COVID-19 recession could trigger a surprise tax cut in Michigan
LANSING — Michiganders could be in line for a surprise tax cut because of the coronavirus pandemic and recession – if state officials don’t stop it first.
A little-known provision in a 2015 road funding law signed by then-Gov. Rick Snyder requires Michigan to automatically lower its income tax rate if revenue flowing into the state’s general fund exceeds the rate of inflation in any given year, beginning in 2023.
The tax cut trigger was intended to slow runaway government growth – and win Republican votes for gas tax and registration fee increases the GOP governor was pushing at the time – but experts warn it could instead limit the state's financial recovery from what is expected to be a short-term COVID-19 recession.
Democratic Gov. Gretchen Whitmer’s administration wants lawmakers to revise that trigger given the unique circumstances of the pandemic and financial struggles the state is already facing as a result. Changing the law now could keep the potential cut from becoming election-year fodder in 2022, when Whitmer and lawmakers will likely be back on the ballot.
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“It's definitely on our list of issues that need to be addressed,” Budget Director Chris Kolb said Tuesday after officials set new revenue estimates for the current and upcoming fiscal years.
While federal stimulus checks and expanded unemployment benefits have propped up state tax collections this year, general fund revenue is projected to plummet by $760 million in 2021.
Assuming the public health and economic crises subside, the state expects revenue will quickly rebound, climbing by $856 million in 2022, a 9 percent jump that would almost surely exceed inflation and trigger an income tax cut for 2023.
“That’s certainly something that's going to come into play just as a product of the way that this economic recession has hit [and] the way that that trigger works,” said Eric Bussis, chief economist for Michigan Department of Treasury. “It looks like we're going to hit the bottom economically in 2021 and begin to see [revenue] grow faster than inflation.”
Under current projections, the trigger would cut Michigan’s 4.25 percent personal income tax rate to 4.08 percent in the 2023 tax year, Bussis said. Tax collections for the roughly $10 billion state general fund would drop by an estimated $330 million in fiscal year 2023 (which begins in October 2022) and by $600 in fiscal year 2024, the first full year under the tax cut.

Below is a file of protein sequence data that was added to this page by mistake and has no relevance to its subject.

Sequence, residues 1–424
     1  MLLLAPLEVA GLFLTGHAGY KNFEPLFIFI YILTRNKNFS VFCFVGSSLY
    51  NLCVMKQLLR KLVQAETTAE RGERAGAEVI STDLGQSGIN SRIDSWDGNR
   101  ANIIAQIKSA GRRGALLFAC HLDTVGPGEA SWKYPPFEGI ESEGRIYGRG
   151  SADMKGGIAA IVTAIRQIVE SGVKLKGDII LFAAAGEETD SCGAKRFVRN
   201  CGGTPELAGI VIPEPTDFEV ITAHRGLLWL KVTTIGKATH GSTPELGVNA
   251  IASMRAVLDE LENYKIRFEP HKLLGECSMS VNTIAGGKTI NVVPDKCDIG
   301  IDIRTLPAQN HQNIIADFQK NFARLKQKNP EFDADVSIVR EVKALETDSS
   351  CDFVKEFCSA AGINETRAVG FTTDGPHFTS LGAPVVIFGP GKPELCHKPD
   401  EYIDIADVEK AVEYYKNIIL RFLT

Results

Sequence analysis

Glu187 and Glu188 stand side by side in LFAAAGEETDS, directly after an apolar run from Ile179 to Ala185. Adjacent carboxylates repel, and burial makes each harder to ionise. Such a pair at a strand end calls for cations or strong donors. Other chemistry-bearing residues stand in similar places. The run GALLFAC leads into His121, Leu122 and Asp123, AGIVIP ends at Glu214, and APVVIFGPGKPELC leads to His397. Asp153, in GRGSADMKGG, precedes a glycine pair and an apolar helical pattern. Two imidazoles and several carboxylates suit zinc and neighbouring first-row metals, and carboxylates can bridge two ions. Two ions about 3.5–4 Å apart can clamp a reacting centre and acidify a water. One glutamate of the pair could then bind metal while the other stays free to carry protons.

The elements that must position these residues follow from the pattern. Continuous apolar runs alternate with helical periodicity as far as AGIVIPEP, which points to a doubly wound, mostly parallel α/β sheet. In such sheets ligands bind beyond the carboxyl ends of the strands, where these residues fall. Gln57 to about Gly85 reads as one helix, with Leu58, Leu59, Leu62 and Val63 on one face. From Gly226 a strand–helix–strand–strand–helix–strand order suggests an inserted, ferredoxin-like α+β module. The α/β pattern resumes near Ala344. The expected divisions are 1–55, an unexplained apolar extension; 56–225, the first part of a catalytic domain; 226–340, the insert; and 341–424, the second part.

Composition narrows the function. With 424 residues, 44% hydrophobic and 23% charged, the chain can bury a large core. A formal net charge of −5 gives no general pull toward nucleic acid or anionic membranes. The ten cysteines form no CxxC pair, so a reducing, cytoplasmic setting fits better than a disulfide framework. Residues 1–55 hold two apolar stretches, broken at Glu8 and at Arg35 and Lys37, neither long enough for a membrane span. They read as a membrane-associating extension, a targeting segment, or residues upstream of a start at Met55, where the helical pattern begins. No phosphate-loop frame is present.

That money would stay in the pockets of Michigan residents, including those who have struggled to make ends meet during the pandemic. The savings would amount to about $75 per year for individuals who make $50,000 in 2023, $400 for those earning $250,000 and $1,700 for a millionaire.
If lawmakers really want to provide relief to downtrodden residents, they could do so in a more targeted fashion, said Michigan State University economist Charles Ballard.
"I know this is controversial, but in my view, we're starved for revenue," Ballard said. "Every day you drive on a road in Michigan, the results are visible. The results are visible in the fact that my students pay dramatically higher tuition than they did 15 years ago because of huge cuts to higher education funding."
Senate Appropriations Chair Jim Stamas, R-Midland, said he generally favors tax cuts and believes that “long-term, Michigan benefits” from a lower rate. But he acknowledged that lawmakers did not anticipate a global pandemic when they inserted the trigger in the 2015 road funding law.
“I supported the policy then, I just don't think the policy was envisioned with such a substantial contraction and then a recovery just going back to where we were,” Stamas told Bridge. “It's certainly something we need to look at. Whether we change it or not, I don't know.”
State Sen. Curtis Hertel of East Lansing, ranking Democrat on the appropriations committee, said there could be ways to maintain the “spirit” of the tax cut trigger but amend it to avoid “the obvious unintended consequences” from the “once-in-a-century” pandemic.
For instance, lawmakers could add a revenue “floor” to the law so that recovery from a short-term decline would not trigger a tax cut, Hertel said. Or policymakers could base the trigger on a five-year average of state revenue to smooth out a “one-time blip.”
“While certainly I’m more than willing to have a conversation about our tax structure,” lawmakers also need to ensure the state can “balance the books long-term,” Hertel said.
But politicians are generally wary of going on the record to vote for any policy that constituents could view as a tax increase or tax freeze. Some lawmakers now serving would be term-limited out of office by the time the tax cut would be implemented in 2023.
There’s little reason to modify the tax cut trigger law now because significant uncertainty over the COVID-19 pandemic and economic recovery make it difficult to predict future revenue, said Sen. Jim Runestad, R-White Lake.
He noted that under the 2015 law, the state treasurer and directors of the non-partisan House and Senate fiscal agencies would meet in January 2023 to determine whether revenue has increased enough to trigger the tax cut.
"With the revenue estimates going up and down all over the place, nobody should anticipate anything," Runestad said. "I think it’s kind of a moot point unless we get there and revenues have recovered and we're doing fabulously well."
As lawmakers consider the policy implications, Hertel said he’d be willing to repeal or amend the tax cut trigger law now.
“But I’m guessing others will have different thoughts on when it should happen,” he said, acknowledging the political implications and predicting GOP legislative leaders could choose a strategic time to take up the issue, if at all.
“Votes like this tend to happen in the lame-duck session.”
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